Our Massive Real World Equine Reference!
[ INDEX ] Equine Type: Horse Breed: Finnhorse (Finn) [ PREV ] [ NEXT ]
From a short pony to a tall horse:
Horses had roamed Finland since the Bronze Age, but the story of the Finnhorse begins in the 12th century, when merchants from Gotland sold horses to Finnish farmers, who, in their turn, started to breed them with their own native horse stock.
From the 12th century until the early 20th century, horses of various breeds, some of which are of unknown identity, were crossed with Finnish horses to make them taller. From a horse that used to stand around 10.3hh, the Finnhorse became as tall as 16.1hh.
The Work Finnhorse (T):
Originally, Finnhorses were used for heavy work such as farming and logging, as well as for lighter work, such as pulling carriages. In the 19th century, Percheron and Ardennes horses were crossed with Finnhorses in order to turn the Finnhorses into heavier horses with longer legs, better strength, and improved stamina.
This type of Finnhorse still exists today, and is known as a "Work Finnhorse" (denoted with a 'T' in the Finnhorse studbook).
The Trotter Finnhorse (J):
In addition, also during the 19th century, public trotting races started to take place in Finland. In order to make the Finnhorses more popular, some breeders decided to cross their Finnhorses with Norfolk Trotters in order to turn the Finnhorse into a better trotter. These Finnhorses became lighter, faster, and more athletic, but still had enough strength to work on the farm as well.
This type of Finnhorse, which excels in trotting races, still exists today, and is known as a "Trotter Finnhorse" (denoted with a 'J' in the studbook). It is considered to be one of the fastest light-draft horse breeds.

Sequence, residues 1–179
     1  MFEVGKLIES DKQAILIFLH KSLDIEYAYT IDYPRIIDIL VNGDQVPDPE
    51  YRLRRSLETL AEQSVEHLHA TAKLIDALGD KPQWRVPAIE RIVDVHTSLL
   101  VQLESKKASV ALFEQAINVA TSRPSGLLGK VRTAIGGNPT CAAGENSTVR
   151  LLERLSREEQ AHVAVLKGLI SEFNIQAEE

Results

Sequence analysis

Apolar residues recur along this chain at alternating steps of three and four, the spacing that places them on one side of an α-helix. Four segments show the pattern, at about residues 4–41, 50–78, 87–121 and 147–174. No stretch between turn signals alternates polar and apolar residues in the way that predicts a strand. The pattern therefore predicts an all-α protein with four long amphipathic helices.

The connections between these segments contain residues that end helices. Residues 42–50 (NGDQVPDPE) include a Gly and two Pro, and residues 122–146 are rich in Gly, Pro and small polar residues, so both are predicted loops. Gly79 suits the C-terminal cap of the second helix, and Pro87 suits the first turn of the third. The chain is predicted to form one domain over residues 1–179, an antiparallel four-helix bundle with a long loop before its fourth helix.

The Riding Finnhorse (R):
In 1907, the Finnhorse studbook was officially founded, and the breed was declared to be a pure breed, meaning that crossbreeding was no longer allowed. Using careful breeding of existing Finnhorses, a new type of Finnhorse was created: the "Riding Finnhorse" (denoted with an 'R' in the studbook).
Riding Finnhorses are more agile than Work Finnhorses and Trotter Finnhorses, and perform fairly well in dressage and show-jumping.
The Pony Finnhorse (P):
The problem with riding horses is that they can be too tall for children and some young adults. To make the Finnhorse a breed that suits everyone, breeders bred some of their Finnhorses for a smaller size. This created the fourth, and last, type of Finnhorse, called the "Pony-Sized Finnhorse" (denoted with a 'P'), that is shorter than 14.2hh.
The Finnhorse today:
Today, the Finnhorse is one of the most (if not the most) popular breeds in Finland and its future looks promising.
Finnhorses are used for anything, from draft work and logging (Work Finnhorses) to recreational riding (Riding and Pony Finnhorses). Many are also used in therapeutic riding thanks to their calm temperament. Above all, Finnhorses are used for trotting races (Trotter Finnhorses) in which they excel.
The conformation of individual Finnhorses depends on the subtype to which they belong. Work Finnhorses are heavier and wider than Trotters who have lighter, longer bodies, while Riding Finnhorses are somewhere in-between.
Still, all Finnhorses share several characteristics, among them are a short-to-medium head, a straight profile, a muscular neck with a straight or slightly round topline, a rectangular frame, and a round body (rather than an angular, leaner one).
The mane is medium or long in length, and its hair can be either fine and flat or coarse and bushy (the latter especially in the forelock). The tail grows long, and the legs can have light feathering behind the fetlocks.
The following are the: range, average, (SD), and MOE of performance metrics of ordered Finnhorses in Horse Isle (not bred ones). In rare cases,
Speed: 15.2-17.6, 16.5 (0.5), 0.1.
Sprint: 49-67, 60 (4), 0.75.
Accel: 0.88-1.12, 1.00 (0.05), 0.01.
Decel: 0.90-1.07, 0.99 (0.04), 0.01.
Jump: 5.03-5.32, 5.18 (0.06), 0.01.
Pull: 1.84-2.95, 2.44 (0.27), 0.05.
Turning: 48.04-61.75, 55.68 (3.04), 0.60.
Reverse: 2.3-3.1, 2.7 (0.2), 0.03.
Stamina: 45.49-53.64, 49.74 (1.92), 0.38.
Reaction: 0.74-0.86, 0.80 (0.03), 0.01.
Coats & Height:
Colors: usually flaxen or regular chestnut, but also bay, black, and brown. More rarely, they come in silver-dapple, grey, and cream-dilutes.
Additionals: flaxen, linebacked, mealy, rabicano, roan, sooty, dark mane & tail, grey mane &tail. The coat is usually solid with white markings on the legs and face, but in rare cases it can be white-spotted sabino.
Height: usually 14.3hh to 15.2hh, but the full range is 12.3hh to 17hh.
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